The Virtual Visionary
Palmer Luckey (21)
Founder of Oculus VR, Irvine, California

Palmer Luckey has the world's largest collection of virtual-reality headsets—63, to be precise. Long obsessed with VR, Luckey sees in it "the possibility of doing things we can't do in real life. We play games to escape into something more fantastic, and the problem is that with a normal game, you're not actually inside of it."

Of course, as Luckey's collection of displays suggests, history is a boneyard of failed attempts to make VR truly realistic. Four years ago, he set out to create a display that would solve the fatal problems of its forebears. Called Oculus Rift, Luckey's device is lightweight, has a wide high-def display, and has virtually zero delay between users' movements and what they see. Luckey dropped out of college to bring his creation to market, and after raising $2.4 million on Kickstarter, he's received $91 million in venture capital.

The consumer version of the Rift is expected in the next year, but there are already thousands of models in the hands of developers. Though gaming is the most obvious market, other applications hint at the near-limitless potential impact: Ford uses Oculus Rift to test car prototypes; Autodesk uses it to let architects walk through buildings before they are built; doctors treat post-traumatic stress disorder and train amputees to use their prosthetic limbs with it; and an experimental art project earlier this year employed the Rift to explore gender-identity issues by having participants inhabit bodies of the opposite sex. "We've even seen NASA using it to analyze panoramas that they've taken on Mars," Luckey says.

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The Social Shopper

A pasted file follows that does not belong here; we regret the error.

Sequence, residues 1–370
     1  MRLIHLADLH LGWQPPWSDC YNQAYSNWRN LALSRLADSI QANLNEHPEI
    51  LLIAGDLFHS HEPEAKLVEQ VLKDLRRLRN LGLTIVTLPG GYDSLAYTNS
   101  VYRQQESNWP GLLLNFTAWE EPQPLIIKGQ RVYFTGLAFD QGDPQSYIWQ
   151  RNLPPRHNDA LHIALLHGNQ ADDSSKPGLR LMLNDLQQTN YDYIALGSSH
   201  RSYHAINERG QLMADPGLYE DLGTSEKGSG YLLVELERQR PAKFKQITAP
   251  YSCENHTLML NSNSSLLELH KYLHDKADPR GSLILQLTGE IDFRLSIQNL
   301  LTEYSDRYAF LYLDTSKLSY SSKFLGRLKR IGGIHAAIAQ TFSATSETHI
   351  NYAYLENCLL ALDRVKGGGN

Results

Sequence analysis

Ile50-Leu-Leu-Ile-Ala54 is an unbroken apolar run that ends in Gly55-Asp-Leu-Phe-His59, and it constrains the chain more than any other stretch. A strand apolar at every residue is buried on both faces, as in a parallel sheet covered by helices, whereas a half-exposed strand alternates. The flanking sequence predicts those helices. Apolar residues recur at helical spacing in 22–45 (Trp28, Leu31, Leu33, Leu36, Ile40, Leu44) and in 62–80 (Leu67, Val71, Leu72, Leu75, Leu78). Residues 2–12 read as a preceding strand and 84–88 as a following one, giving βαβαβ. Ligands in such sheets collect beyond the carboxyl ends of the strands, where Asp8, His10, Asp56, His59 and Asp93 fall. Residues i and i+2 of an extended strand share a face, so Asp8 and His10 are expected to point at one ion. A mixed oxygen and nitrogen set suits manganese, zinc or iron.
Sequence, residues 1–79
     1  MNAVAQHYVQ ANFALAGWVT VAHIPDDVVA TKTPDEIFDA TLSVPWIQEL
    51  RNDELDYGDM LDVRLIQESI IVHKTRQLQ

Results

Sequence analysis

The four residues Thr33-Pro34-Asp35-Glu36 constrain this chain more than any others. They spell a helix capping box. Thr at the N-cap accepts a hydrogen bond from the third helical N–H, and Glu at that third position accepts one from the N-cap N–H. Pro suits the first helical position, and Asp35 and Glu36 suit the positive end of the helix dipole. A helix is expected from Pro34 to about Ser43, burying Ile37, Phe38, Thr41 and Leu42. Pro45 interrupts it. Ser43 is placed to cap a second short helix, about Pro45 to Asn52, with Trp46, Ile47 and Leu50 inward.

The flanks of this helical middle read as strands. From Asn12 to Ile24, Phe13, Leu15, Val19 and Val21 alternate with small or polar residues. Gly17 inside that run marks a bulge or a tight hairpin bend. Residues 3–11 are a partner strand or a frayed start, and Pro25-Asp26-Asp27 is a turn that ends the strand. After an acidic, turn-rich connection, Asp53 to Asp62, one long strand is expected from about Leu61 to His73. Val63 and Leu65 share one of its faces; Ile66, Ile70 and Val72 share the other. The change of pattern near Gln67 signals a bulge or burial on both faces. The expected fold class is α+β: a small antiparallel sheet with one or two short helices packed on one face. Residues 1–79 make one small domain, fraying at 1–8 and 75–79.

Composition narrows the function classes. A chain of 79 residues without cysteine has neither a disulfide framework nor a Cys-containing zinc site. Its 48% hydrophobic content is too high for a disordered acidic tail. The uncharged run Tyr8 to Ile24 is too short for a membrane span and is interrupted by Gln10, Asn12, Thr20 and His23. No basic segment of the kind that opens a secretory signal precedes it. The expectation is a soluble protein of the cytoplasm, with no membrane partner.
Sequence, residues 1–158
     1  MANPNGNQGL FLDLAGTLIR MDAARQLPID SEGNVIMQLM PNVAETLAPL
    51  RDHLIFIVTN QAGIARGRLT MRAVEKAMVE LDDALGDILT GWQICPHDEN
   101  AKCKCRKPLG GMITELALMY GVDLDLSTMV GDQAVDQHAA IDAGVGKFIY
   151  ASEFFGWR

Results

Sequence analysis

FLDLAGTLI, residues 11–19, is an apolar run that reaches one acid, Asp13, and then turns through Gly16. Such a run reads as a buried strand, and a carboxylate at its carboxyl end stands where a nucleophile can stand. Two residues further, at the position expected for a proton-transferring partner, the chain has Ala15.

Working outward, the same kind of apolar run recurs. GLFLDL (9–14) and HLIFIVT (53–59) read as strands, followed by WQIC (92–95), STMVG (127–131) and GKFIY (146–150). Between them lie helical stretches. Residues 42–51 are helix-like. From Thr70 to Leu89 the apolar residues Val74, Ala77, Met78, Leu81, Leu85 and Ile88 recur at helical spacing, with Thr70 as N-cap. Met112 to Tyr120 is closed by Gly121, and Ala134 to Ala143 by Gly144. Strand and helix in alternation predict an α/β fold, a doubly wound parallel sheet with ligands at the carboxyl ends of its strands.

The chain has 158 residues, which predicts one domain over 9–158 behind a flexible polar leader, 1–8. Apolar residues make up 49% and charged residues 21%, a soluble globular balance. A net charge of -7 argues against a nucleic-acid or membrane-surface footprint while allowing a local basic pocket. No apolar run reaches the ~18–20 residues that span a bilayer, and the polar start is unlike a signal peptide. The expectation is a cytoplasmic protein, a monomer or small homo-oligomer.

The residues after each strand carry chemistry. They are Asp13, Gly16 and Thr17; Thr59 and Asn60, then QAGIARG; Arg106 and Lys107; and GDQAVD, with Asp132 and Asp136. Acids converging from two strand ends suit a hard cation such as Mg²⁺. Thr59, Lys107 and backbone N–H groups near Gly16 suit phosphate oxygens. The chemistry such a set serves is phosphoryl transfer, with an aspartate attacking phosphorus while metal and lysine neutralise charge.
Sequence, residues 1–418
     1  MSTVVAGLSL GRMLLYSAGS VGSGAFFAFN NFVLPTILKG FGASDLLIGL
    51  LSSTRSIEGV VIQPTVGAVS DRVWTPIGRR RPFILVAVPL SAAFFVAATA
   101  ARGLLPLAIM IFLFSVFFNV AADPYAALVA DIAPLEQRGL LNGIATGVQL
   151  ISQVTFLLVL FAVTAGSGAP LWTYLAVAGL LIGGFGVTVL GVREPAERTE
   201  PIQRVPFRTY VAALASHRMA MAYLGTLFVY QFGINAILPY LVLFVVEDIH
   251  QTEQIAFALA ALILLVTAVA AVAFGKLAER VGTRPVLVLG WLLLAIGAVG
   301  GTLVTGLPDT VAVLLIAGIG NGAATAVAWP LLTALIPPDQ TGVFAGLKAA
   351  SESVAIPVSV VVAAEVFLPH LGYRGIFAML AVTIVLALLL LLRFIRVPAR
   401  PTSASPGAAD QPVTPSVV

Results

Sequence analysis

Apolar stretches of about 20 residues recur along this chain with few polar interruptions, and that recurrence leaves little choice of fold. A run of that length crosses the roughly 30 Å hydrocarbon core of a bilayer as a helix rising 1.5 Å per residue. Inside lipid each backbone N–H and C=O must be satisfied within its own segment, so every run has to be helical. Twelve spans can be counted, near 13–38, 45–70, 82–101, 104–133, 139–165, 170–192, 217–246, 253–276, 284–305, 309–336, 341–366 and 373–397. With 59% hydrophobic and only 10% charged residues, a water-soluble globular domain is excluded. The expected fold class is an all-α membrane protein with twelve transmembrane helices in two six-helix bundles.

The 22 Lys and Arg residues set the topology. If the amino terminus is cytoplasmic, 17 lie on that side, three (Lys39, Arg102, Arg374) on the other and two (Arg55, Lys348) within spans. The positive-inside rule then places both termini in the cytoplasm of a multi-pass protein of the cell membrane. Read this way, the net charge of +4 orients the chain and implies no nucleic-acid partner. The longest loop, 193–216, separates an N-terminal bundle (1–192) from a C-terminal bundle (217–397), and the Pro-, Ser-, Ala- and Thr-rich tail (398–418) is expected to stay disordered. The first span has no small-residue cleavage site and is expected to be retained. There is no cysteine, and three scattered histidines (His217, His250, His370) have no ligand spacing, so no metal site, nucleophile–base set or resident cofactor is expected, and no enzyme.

Deena Varshavskaya (33)
Founder of Wanelo, San Francisco

Deena Varshavskaya never liked shopping malls because she had to wade through so many things that didn't speak to her. Traditional e-commerce wasn't much better. She wanted to be able to see what her friends loved and save what she loved, browse those things in one place, and click to buy. In short, she wanted what social commerce had long promised but failed to deliver—at least until her San Francisco–based start-up, Wanelo (short for Want, Need, Love), arrived. The site allows users to follow stores and other users, in the process creating their own highly personalized shops (think Pinterest, but you can buy everything). The Siberian-born Varshavskaya spent two years on the site before it took off, after a redesign she calls "incredibly minimalist. We removed every feature until we were down to two things: people and products." Wanelo now has more than 200,000 stores and exploded from 1 million to 10 million users last year. It's most popular among women in their twenties, naturally, but the young-male demographic is growing fast. With designers like Todd Snyder and retailers like Mr Porter actively curating their offerings on the site, it's not hard to see why.

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The Bitcoin Speculators
Tyler and Cameron Winklevoss (both 32)
Founders of Winklevoss Capital, New York City

Don't count the Winklevii out. Infamous for their legal battle with Mark Zuckerberg (and reported $65 million settlement from Facebook), Tyler and Cameron Winklevoss have once again thrust themselves into the wildest development in business: Bitcoin. When the Harvard-educated twins announced last April that they had bought one of the largest holdings in Bitcoins on the planet, the investment was worth $11 million. Now the value has grown to $50 million, and some analysts think it could hit billions. "It's primed for the next jump," Cameron says.

Bitcoin, which operates outside the bounds of any governments or banks, has attracted its fair share of controversy. Black markets such as the online drug hub Silk Road have relied on Bitcoin because of its anonymity, and the currency has been prone to massive swings in valuation (and even mysterious, ahem, disappearances). Despite the bumpy journey, Bitcoin is increasingly being seen as a viable form of money. There are even Bitcoin ATMs in several cities. As usage grows, the twins are working to establish something called the Winklevoss Bitcoin Trust, which would allow investors to buy shares, just as they would with, say, Facebook stock. "We're just getting started," Tyler says.